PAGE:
Interview with Pereira O’Dell’s PJ Pereira

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I recently interviewed a number of industry experts for my recent WTF is branded content? It’s complicated article for Contagious. I hope to publish the transcripts as a series here on LinkedIn. The first is with Pereira & O’Dell’s co-founder and creative head PJ Pereira. He’s won multiple awards including the Grand Prix for the Branded Content and Entertainment category at Cannes Lions, and was also chair of Eurobest’s first Branded Content & Entertainment jury last year.

It’s hoped that this series of interviews will prompt further discussion about what branded content is and isn’t, and how is it is different from branded entertainment, content marketing and all the other related terms being bandied about like native advertising.

For PJ, branded content is both the oldest and newest form of advertising at the same time. He thinks it is exactly what the industry has been doing since the soap operas of the past, but just being done in a different way now. There are a few things in this space that are important to him and one of those is where things are heading:

If you look beyond the branded content marketing category, then it’s possible in the near future that there won’t be lots of categories any more. It will just be about what is the best way to bring a message to consumers in a way that they can understand and relate to.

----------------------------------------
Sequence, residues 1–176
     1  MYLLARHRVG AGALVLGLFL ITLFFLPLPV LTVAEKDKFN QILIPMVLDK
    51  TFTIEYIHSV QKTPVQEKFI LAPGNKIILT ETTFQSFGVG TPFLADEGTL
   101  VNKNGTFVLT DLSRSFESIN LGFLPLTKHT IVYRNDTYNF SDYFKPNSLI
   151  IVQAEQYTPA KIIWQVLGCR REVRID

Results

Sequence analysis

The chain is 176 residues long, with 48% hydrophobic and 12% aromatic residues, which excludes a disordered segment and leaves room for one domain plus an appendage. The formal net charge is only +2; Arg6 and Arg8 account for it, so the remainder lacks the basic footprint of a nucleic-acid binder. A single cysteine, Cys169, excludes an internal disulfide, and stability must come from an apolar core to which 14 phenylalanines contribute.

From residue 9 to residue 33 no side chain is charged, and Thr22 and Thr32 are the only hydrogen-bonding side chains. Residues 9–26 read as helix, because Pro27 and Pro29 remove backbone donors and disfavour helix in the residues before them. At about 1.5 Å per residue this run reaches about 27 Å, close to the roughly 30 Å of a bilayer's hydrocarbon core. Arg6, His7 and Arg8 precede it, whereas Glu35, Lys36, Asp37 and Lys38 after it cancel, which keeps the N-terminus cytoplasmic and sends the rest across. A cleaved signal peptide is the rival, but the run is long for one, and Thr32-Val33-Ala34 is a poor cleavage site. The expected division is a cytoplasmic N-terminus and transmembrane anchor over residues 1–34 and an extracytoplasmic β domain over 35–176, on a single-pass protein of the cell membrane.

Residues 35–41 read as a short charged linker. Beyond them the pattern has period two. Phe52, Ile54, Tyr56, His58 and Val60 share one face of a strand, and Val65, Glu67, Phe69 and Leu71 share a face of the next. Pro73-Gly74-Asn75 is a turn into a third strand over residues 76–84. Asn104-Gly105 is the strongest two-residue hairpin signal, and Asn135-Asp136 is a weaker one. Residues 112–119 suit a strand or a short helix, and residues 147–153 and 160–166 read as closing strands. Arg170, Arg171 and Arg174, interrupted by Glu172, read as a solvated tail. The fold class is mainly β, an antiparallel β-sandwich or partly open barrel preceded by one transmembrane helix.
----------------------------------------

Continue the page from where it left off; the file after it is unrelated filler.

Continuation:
The categories as they exist now still make sense to PJ because they show different ways to approach this. For example, digital approaches this from an innovation stand-point most of the time; print is about trying to find the most compact way of telling a story; and film and video is mostly grounded in the short format and based on the premise that you can buy consumers time. However, he thinks that the premise for branded content is to assume that you can’t buy the consumers’ time, and that you want them to give you their time:

For me, something that is worth the consumer’s time is the best definition of what branded content is. So if you think more radically and try and stretch that definition, then even a 30 second spot is branded content if it’s worth the consumers’ time. And I’m fine with that, as I like to play through those lines.

PJ’s not sure if this helps or not from a definition point of view, but not getting too hung up on categories possibly provides a clue to the secret of Pereira O’Dell’s success. The other is PJ’s belief in doing things differently:

We’re in an industry that is supposed to be changing the formats it uses and the way it operates often because it should be about doing things differently. So when I see a jury that is too focused on definitions about what a category is, and what it’s not, that tends to feel to me to be a lost opportunity to re-demarcate rather than dictate the market.

I wondered how this worked in practice when it came to judging awards for a particular category: